NACOGDOCHES, TX (KTRE) - Right now, special services and masses for Holy Thursday, or Maundy Thursday, are about to begin at some churches around East Texas.
The Thursday before Easter is when some Christians observe the last supper. East Texas News took a look at the participation and what business stands to gain by accommodating all religions.
Whether one says Holy Thursday or Maundy Thursday, it's significant to Christians associated with Catholicism and Protestant churches that branched off the Catholic Church.
"Holy Thursday is a day to remember what happened in Scripture," said Gary Giese, a deacon at Sacred Heart Catholic Church in Nacogdoches. "Jesus did the Last Supper."
On Holy Thursday many observers ask for forgiveness. Here at the Sacred Heart Catholic Church, the monsieur began hearing confessions at noon.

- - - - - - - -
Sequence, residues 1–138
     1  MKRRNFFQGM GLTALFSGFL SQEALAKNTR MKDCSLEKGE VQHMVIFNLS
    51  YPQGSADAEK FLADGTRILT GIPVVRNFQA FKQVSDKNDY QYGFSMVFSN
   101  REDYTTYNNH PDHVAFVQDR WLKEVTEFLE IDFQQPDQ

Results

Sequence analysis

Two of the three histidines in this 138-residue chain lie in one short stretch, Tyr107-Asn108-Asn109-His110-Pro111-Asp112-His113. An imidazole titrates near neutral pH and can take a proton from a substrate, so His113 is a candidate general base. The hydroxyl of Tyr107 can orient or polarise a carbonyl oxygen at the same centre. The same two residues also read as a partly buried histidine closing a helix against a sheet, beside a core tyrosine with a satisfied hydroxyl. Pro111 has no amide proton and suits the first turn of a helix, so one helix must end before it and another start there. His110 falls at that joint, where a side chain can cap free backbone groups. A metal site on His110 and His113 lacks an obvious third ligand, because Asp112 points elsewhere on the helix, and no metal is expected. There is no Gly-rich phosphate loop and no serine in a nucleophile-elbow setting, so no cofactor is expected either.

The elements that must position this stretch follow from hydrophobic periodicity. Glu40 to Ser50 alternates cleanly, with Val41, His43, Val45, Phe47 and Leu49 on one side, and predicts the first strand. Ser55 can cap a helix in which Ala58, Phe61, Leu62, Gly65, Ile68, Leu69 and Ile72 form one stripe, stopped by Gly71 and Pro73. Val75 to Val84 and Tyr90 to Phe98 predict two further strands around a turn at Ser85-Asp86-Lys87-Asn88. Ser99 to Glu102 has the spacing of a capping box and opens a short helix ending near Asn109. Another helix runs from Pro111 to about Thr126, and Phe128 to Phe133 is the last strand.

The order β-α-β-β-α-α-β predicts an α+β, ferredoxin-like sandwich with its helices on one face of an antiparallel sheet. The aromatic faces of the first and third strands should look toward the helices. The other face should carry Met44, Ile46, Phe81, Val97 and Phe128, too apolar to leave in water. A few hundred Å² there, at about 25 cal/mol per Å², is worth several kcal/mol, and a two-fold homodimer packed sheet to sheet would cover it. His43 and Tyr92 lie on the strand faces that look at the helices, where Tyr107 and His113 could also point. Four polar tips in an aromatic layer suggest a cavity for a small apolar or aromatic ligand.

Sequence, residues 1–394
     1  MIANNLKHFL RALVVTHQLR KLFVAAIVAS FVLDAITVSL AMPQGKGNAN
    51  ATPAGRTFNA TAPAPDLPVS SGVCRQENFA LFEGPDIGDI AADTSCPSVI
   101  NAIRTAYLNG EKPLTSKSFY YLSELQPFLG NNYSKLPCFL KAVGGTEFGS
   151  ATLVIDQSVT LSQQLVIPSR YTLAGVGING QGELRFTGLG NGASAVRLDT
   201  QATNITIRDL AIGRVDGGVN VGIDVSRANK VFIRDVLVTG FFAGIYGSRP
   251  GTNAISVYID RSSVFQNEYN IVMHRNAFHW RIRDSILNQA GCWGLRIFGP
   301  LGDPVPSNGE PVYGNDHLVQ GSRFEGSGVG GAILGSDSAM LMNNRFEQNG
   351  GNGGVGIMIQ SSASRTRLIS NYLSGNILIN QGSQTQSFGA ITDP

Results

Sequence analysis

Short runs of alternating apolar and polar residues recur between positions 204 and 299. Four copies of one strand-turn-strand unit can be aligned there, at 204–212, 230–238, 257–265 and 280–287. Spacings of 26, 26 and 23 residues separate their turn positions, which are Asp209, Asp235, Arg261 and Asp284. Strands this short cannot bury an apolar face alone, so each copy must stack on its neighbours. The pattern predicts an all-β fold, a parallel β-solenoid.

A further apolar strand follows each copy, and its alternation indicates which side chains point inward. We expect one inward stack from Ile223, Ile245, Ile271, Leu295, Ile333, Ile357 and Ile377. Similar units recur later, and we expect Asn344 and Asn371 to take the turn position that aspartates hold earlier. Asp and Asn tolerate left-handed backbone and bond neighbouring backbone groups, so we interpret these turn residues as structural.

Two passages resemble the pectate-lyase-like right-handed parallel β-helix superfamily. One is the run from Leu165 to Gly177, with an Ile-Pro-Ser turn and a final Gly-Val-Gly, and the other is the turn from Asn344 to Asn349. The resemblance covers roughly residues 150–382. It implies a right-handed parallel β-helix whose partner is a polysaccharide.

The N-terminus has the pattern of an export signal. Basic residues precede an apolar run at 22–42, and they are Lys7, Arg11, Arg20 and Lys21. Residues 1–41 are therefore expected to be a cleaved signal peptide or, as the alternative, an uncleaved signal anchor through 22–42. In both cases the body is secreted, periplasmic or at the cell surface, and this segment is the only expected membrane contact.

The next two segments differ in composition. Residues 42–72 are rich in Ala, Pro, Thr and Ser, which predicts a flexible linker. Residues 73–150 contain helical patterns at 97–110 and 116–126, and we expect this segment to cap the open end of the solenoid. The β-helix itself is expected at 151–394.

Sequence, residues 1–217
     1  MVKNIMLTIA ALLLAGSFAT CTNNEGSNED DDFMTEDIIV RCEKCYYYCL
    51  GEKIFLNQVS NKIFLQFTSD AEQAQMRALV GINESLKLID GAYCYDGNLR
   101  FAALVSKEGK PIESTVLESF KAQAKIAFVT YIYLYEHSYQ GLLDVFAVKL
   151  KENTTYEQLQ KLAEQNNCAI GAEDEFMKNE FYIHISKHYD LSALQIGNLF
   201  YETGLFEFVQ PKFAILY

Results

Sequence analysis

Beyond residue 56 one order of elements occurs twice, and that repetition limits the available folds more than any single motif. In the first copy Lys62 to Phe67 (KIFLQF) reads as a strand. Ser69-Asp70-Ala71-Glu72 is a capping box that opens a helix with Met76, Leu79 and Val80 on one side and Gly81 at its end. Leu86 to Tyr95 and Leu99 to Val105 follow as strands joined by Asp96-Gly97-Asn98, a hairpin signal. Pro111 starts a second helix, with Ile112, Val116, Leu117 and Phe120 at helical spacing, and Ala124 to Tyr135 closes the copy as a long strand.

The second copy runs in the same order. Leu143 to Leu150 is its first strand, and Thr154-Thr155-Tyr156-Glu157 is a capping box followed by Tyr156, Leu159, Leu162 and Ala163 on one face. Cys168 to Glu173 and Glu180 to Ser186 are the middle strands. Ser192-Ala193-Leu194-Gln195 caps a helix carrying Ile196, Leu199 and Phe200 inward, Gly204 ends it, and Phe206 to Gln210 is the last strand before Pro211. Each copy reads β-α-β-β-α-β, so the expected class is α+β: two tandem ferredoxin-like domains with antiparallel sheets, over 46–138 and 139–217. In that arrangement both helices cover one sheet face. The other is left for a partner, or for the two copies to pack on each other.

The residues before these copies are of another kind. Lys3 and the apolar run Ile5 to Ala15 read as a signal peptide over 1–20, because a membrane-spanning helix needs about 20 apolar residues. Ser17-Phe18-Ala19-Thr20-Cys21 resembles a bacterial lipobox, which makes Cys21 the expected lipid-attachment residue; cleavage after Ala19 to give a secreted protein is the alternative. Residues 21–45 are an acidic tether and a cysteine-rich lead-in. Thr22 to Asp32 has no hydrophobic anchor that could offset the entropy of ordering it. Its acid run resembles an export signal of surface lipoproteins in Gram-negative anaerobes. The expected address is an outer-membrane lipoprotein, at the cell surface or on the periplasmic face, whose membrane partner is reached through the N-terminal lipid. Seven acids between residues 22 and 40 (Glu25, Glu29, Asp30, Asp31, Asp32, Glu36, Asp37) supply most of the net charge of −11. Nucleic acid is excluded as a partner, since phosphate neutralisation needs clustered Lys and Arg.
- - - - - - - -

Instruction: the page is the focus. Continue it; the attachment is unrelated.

Other denominations suggest members ask for forgiveness through private prayer.
While many Baptist churches will hold a Good Friday observance, not too many are observing Maundy Thursday.
However, there's one trend which all denominations know all about.
"The most observed day out of the year besides Christmas is Easter Sunday," Giese said. "We have people that only go to church no matter what denomination they only go on Easter Sunday and Christmas Day."
It's no secret faith has a lot of competition. All employers must accommodate religion and disability under the Civil Rights Act, but so many businesses stay open on religious holidays.
However, attitudes are changing in the corporate world. According to Diversity Inc research, 78 percent of the organization's top 50 diversified companies now offer floating religious holidays to employees. In addition, 70 percent of those companies provide prayer rooms.
Perhaps the workplace will follow not because it has to, but because it wants to.